Have you been wondering what our international team of dedicated seabird bycatch instructors have been up to during the past couple of months? Read on to find out how they have been keeping busy from the comfort of their homes since the global COVID-19 pandemic came along and turned our world upside down!

Whether it be somewhere along the coast of Chile, in a neighbourhood with a view of Table Mountain in Cape Town or in the most southern state of Brazil – all of our ATF teams have been impacted by the restrictions put in place by governments around the world to slow the spread of the coronavirus.

Although fishing operations have continued in most of the ports we work in – as fishing is considered an essential service – our teams’ access to ports, vessels and fishing crews has been severely hampered by the social distancing measures and mandatory lockdowns enforced by local authorities in their respective countries. The activities most affected by COVID 19 therefore include going out to sea to monitor seabird bycatch, performing routine port visits and delivering face-to-face training to industry representatives, fisheries observers and inspectors.

Fishers onboard trawl vessel in Argentina, where fishing operations are up and running again after a short period of inactivity earlier this year due to the global COVID-19 pandemic. 

But, even though they are currently not able to spend time on boats, our ATF instructors have been keeping busy and making progress nonetheless! By spending time planning and preparing for future project activities now, we are making sure that we will be ready to hit the ground running once the lockdown gets lifted and it is deemed safe for our teams to return to work.  As we have all been learning over the last couple of months, it is challenging to adapt to and plan for a situation that constantly seems to be changing. We for instance had plans to deliver a small-scale training event to fisheries inspectors in one of our key ports in Namibia next week – but have had to postpone as local authorities have decided to tighten restrictions once more.

In many countries, what started out as a relatively short quarantine period has turned into a new way of life with no end yet in sight. But being confined to our homes has also allowed us to focus efforts on things that had been put away for a rainy day and been on our to-do lists for far too long. So, despite not spending time saving seabirds out at sea, it has been a productive few months!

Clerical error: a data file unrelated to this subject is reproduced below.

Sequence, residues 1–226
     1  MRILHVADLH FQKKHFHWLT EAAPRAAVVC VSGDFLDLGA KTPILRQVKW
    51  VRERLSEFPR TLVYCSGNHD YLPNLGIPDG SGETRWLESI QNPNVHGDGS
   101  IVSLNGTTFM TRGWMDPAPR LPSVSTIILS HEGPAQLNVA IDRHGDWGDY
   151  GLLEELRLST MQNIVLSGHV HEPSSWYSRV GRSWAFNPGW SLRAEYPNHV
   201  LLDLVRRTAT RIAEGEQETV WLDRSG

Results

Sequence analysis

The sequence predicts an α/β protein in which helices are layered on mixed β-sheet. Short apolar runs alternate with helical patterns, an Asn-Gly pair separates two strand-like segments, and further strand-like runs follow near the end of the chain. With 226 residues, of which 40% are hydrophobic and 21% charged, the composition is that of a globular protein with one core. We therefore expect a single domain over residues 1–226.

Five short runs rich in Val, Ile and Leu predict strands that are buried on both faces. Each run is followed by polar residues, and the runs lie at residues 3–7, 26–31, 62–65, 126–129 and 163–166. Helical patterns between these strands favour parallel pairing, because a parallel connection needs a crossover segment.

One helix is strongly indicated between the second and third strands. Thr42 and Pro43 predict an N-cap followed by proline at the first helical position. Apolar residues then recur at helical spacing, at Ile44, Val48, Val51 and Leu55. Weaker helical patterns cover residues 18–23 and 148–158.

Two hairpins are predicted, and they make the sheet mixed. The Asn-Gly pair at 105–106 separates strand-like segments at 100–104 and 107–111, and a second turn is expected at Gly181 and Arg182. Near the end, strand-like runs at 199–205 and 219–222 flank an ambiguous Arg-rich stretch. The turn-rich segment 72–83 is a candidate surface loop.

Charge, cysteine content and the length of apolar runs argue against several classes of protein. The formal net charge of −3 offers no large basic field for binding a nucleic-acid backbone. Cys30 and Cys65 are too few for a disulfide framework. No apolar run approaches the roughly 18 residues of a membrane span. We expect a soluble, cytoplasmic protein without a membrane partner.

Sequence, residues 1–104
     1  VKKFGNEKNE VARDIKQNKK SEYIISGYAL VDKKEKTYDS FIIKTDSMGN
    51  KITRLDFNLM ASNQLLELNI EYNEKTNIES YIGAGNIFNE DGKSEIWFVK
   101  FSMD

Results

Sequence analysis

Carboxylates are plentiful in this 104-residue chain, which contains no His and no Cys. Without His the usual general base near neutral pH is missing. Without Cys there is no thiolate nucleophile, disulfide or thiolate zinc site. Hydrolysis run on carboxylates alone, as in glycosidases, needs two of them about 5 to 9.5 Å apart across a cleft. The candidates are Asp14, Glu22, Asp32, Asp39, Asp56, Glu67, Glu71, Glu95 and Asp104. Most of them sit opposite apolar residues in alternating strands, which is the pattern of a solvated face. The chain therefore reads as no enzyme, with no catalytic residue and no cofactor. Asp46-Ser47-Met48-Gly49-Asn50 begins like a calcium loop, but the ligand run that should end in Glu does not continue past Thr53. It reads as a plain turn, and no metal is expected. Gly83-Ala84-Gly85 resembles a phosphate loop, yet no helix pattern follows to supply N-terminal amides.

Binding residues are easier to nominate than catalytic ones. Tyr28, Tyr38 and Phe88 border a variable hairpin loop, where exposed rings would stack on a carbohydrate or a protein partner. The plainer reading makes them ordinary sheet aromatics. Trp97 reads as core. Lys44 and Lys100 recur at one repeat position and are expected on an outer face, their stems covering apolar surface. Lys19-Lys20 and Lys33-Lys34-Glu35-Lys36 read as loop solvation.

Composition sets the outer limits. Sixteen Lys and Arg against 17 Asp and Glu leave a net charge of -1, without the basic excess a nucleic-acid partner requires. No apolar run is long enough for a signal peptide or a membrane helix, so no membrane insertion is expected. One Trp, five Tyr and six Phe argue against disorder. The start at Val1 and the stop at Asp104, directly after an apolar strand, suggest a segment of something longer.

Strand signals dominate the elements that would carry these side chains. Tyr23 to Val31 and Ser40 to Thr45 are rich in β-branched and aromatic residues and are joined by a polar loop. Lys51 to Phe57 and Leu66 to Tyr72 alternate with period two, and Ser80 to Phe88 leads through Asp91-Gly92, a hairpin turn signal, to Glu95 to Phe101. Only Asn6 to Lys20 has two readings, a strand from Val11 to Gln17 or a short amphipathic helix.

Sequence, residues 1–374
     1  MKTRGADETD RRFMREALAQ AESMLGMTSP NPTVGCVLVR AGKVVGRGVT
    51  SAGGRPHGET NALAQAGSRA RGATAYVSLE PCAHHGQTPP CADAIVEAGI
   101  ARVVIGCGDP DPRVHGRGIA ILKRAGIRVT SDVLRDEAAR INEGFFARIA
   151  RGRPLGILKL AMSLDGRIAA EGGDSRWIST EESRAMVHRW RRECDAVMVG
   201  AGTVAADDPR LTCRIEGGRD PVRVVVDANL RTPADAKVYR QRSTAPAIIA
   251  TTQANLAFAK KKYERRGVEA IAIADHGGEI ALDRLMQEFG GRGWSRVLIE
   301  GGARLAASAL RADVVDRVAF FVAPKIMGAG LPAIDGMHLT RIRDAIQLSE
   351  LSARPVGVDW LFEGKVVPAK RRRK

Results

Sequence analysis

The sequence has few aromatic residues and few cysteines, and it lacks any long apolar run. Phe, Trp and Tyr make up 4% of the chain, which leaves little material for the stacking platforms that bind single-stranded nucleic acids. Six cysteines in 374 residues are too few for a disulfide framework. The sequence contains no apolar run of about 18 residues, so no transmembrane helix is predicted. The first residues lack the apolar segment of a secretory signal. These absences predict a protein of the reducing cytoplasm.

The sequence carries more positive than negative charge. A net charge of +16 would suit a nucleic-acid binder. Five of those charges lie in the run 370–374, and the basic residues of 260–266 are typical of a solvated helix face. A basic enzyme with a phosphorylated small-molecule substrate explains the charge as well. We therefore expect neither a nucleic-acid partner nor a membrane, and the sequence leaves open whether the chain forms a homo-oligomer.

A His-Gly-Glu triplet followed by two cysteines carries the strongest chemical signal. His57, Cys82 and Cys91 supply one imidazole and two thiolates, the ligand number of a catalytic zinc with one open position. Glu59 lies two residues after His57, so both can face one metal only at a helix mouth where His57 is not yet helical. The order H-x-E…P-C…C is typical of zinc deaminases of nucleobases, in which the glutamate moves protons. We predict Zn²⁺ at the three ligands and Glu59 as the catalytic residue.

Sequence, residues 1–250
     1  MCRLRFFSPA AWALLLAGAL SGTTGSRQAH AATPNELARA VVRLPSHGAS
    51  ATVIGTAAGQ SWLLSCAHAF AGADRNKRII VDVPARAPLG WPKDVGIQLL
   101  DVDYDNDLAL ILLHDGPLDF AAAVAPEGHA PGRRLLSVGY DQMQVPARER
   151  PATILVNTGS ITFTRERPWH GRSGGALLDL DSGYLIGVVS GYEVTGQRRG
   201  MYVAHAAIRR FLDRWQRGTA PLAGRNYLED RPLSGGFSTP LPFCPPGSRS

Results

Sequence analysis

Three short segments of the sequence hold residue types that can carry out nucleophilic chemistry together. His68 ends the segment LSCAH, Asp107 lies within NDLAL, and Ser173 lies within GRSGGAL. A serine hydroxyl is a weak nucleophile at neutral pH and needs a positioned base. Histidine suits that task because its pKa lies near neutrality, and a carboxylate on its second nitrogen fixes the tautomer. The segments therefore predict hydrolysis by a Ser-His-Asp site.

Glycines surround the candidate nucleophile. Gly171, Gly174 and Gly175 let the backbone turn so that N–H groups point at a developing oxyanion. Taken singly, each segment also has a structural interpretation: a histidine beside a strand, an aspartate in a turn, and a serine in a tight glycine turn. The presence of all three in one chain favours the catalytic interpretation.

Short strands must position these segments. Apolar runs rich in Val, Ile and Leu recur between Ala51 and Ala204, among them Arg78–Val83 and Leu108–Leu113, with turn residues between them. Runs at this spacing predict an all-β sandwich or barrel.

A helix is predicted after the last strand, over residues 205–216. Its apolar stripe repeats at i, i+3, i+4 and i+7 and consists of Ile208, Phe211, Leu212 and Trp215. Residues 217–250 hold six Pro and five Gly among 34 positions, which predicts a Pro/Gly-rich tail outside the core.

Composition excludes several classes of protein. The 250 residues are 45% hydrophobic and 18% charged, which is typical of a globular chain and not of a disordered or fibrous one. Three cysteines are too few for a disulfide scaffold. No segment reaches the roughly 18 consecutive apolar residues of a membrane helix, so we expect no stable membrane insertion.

“Having the space and time to play around with data and writing is a rare luxury” – reports Andrea Angel, ATF team leader in South Africa.

Whilst working from home has its perks, it also requires staying in touch with colleagues more regularly and learning about new ways to communicate and share our work with others. And, for many of the members of the ATF team, we have had to become school assistants, day-carers and experts in online teaching at the same time!

We are also learning to put these skills to a test by developing online training material for outreach with fishers and observers – a first for the ATF! Continuing engagement with industry through whatever means possible is of vital importance now, as seabird bycatch mitigation may well take a back seat if we do not keep momentum up in a time when fishers have many other things to worry about.

Then there is of course also the World Albatross Day preparations! We are currently busy planning lots of exciting activities to celebrate this inaugural day with you on June 19th to raise awareness of these incredible birds and the conservation crisis they are facing.

ATF team leader Dimas Gianuca and instructor Gabriel Canani display World Albatross Day banner on Cassino Beach in southernmost Brazil. 

In light of the current situation, our ATF team in Brazil has had to resort to displaying their World Albatross Day banner on their local beach in Rio Grande, as they have not been able to go to sea or gain access to ports for months. 

With WAD2020 just 3 weeks away – it’s time to start getting excited! 

Make sure to follow the Albatross Task Force on Instagram, Twitter and Facebook for all the latest news and updates about what we have planned for the day. 

Nina da Rocha - Albatross Task Force Project Officer

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